David Jones' birthplace, Brockley, London.
The Trustees of the David Jones Estate have handed over the task of fielding permissions enquiries for the use of Jones's writings and visual to Faber & Faber and Bridgeman Images respectively. In future, please direct any correspondence to the following contacts, who will direct you:
For all writings: Lavinia Singer (Faber & Faber), email@example.com
For all visual images: Adrian Gibbs (Bridgeman Images), firstname.lastname@example.org
David Jones: A Mythic Understanding
An exhibition at Camberwell College of Art, (Peckham Road, London SE5 8UF)
6 November - 14 December, 2018
From the web page:
'This exhibition is one part of a College-wide project led by Geoff Coupland (aka ZEEL) that explores the life and themes of the work of artist, illustrator and poet David Jones.
Jones was aged just 14 when he first attended the then Camberwell Art School in 1909, before enlisting for service with the Royal Welch Fusiliers to fight in the First World War. This experience had a profound effect on Jones both emotionally and artistically. He went on to write ‘In Parenthesis’, an epic, novel-length war poem, and as an artist working in many modes, he made numerous paintings, drawings and book illustrations with a particular use of mythical imagery.
His legacy is visible in the work of many illustrators working today, including John Vernon Lord, Clive Hicks Jenkins, Charlotte Cory, Marguerite Carnec, Sue Coe, Linda Kitson and David McKean, and their contemporary work will be shown alongside a display about Jones’ life and work created especially for the exhibition by design studio Work-Form.'
Press Release (with details about opening times, etc.):
The UK Latin Mass Society will be offering their bi-monthly Mass for the repose of the soul of David Jones tomorrow, Saturday 13th October, at 4 pm in the Lady Chapel of Westminster Cathedral, London. Jones was a great devotee of the Latin Mass; his anniversary of death is 28 October.
For information see: lms.org.uk/contact-us
'David Jones: Artist and Poet in the Shadow of the Great War'
The annual Beauforest Lecture, by Paul Hills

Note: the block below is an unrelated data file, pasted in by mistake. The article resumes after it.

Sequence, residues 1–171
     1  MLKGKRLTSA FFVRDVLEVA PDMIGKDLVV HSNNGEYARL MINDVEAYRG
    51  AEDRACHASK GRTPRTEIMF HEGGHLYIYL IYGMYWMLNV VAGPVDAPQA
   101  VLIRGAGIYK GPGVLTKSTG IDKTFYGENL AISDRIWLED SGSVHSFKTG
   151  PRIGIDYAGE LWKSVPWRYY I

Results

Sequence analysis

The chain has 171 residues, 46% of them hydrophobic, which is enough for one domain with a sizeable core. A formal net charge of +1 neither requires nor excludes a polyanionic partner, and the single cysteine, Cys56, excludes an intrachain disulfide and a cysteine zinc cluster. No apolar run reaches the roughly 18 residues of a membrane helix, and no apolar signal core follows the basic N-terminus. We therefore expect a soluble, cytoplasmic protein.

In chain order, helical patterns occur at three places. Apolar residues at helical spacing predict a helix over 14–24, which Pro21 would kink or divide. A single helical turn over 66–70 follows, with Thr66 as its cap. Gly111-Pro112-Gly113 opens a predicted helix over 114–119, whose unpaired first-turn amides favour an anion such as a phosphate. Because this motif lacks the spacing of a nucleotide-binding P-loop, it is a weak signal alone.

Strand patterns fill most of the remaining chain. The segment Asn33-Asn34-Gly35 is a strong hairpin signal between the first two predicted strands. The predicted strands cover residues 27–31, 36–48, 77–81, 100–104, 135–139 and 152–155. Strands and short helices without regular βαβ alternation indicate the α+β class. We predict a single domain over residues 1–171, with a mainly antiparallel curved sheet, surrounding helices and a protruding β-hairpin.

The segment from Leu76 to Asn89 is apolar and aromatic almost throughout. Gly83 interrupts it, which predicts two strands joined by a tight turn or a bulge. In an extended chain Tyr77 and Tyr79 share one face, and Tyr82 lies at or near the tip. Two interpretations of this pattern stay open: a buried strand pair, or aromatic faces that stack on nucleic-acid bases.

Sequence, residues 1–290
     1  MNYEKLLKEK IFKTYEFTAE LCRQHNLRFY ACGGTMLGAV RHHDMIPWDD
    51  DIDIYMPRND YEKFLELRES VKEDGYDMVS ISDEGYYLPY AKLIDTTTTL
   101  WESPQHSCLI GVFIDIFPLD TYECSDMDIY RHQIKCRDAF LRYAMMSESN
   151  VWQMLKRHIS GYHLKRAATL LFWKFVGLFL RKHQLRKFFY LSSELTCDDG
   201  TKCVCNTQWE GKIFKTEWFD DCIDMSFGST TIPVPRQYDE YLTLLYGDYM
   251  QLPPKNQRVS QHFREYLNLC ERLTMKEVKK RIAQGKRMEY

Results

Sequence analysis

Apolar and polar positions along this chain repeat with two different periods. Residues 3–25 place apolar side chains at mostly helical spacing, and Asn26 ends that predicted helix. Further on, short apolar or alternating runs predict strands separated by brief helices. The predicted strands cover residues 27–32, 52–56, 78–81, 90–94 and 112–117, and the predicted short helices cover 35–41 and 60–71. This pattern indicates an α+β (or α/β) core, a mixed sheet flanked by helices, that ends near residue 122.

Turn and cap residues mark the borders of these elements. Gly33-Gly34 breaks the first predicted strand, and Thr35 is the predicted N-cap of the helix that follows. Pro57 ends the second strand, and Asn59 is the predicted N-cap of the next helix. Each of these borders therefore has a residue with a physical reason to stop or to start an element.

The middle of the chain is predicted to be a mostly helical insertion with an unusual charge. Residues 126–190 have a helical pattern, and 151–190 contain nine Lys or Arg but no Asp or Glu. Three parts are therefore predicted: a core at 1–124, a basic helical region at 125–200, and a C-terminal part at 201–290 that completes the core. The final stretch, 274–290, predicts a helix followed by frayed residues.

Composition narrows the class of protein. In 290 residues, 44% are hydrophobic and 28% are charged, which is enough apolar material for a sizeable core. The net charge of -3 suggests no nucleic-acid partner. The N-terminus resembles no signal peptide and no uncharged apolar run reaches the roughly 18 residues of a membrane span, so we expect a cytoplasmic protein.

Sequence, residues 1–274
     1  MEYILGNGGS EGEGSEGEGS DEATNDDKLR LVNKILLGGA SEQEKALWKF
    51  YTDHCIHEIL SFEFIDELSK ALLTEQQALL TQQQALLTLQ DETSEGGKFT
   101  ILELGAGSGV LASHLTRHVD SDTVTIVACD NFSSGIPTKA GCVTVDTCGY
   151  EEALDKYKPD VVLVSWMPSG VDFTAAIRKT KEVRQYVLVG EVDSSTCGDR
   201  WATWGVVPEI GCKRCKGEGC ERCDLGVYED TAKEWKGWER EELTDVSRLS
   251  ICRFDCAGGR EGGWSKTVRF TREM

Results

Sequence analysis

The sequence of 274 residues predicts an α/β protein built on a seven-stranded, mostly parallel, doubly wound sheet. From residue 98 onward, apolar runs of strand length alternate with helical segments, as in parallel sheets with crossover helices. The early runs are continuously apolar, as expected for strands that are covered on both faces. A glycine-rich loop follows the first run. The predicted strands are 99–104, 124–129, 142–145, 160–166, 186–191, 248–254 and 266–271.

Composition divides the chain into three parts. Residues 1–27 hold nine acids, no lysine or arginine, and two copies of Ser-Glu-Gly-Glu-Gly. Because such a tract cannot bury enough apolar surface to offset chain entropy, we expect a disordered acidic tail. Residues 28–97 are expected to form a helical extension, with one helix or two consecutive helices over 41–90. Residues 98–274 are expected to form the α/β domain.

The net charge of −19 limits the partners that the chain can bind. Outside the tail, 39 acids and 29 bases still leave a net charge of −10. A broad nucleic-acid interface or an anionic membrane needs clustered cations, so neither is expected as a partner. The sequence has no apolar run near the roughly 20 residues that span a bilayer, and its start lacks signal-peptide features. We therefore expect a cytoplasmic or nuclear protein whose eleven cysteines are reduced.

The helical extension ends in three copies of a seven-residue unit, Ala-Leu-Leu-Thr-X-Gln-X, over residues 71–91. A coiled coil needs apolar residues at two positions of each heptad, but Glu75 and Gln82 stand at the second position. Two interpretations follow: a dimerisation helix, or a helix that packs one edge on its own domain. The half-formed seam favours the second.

10th November, 12 noon.
The Ashmolean Museum, Oxford.
Free tickets can be booked at: tickets.ox.ac.uk/webstore/shop/viewItems.aspx?cg=ash&c=anntalk
Beyond Sound and Shape: The war poetry and art of David Jones
Part of 'The Human Being: A Paradox of Freedom', 3 November, 2018, London
As we reach the 100th anniversary of the end of the First World War, this exhibition will examine the paintings and poetry of David Jones, who served as an infantryman in the trenches. It recounts a story of camaraderie experienced in the face of detached superiors, unbending military rigour and inhuman danger. As a soldier, Jones found freedom in a tenderness towards his companions, an awareness of the beauty that lies beyond what is merely useful, and a heroism within what is mundane or enforced.
James Fergusson, 'A Neurotic Aesthete: The Genius of David Jones', The Tablet, 22 August 2018
[can read the article for free if you register your email address]
Recently published in The Fortnightly Review, 'At Ladywell Cemetery' meditates on a visit to Jones' grave.
Call for Papers: Seminar on 'Re-presenting David Jones' for American Comparative Literature Association Annual Meeting, Georgetown (Washington, DC), 7-10 March, 2019.
Organizer: Thomas Berenato
Co-Organizer: Anna Svendsen
Contact the Seminar Organizers
The centenary of the First World War has prompted new publications on and public interest in the life and work of the Anglo-Welsh poet and painter David Jones (1895-1974). In 2015 Chichester's Pallant House Gallery devoted a major exhibition to Jones, its magisterial catalogue by Paul Hills and Ariane Bankes attracting attention in the scholarly and popular press. English composer Iain Bell adapted Jones's war poem In Parenthesis (1937) for the Welsh National Opera in 2016. BBC Radio 4 featured Thomas Dilworth's biography of Jones, the fruit of three decades' research, as a Book of the Week in April 2017. Chapters in recent monographs by Anthony Domestico, Matthew Griffiths, and W. David Soud, among others, have considered Jones alongside his better-known peers. In late 2017 Brill presented a collection of essays addressing the question of Jones's status as a "Christian Modernist." In summer 2018 the journal Religion & Literature released a David Jones Special Issue and Bloomsbury Academic included an edition of Jones's unpublished prose in its Modernist Archives series, with an edition of his unpublished poetry to appear in December.
This seminar calls students and scholars of Jones to capitalize on and contribute to this growing corpus. Some spurs:
- Investigations of the vast Jones archives in North America and the UK
- Approaches to editing and exhibiting Jones's work and correspondence
- Jones among his Modernist peers
- Jones's inheritance and legacy
- Jones's cultural and aesthetic theories
- Jones and theology, religion, the Second Vatican Council, "the post-secular"
- Jones's politics, political theology
- Jones's women
- Jones's wars
Submit a 200-500-word abstract and 100-word bio by September 15, 2018
Adam Schwartz reviews David Jones on Religion, Politics and Culture: Unpublished Manuscripts (Bloomsbury, 2018) for The Kirk Center: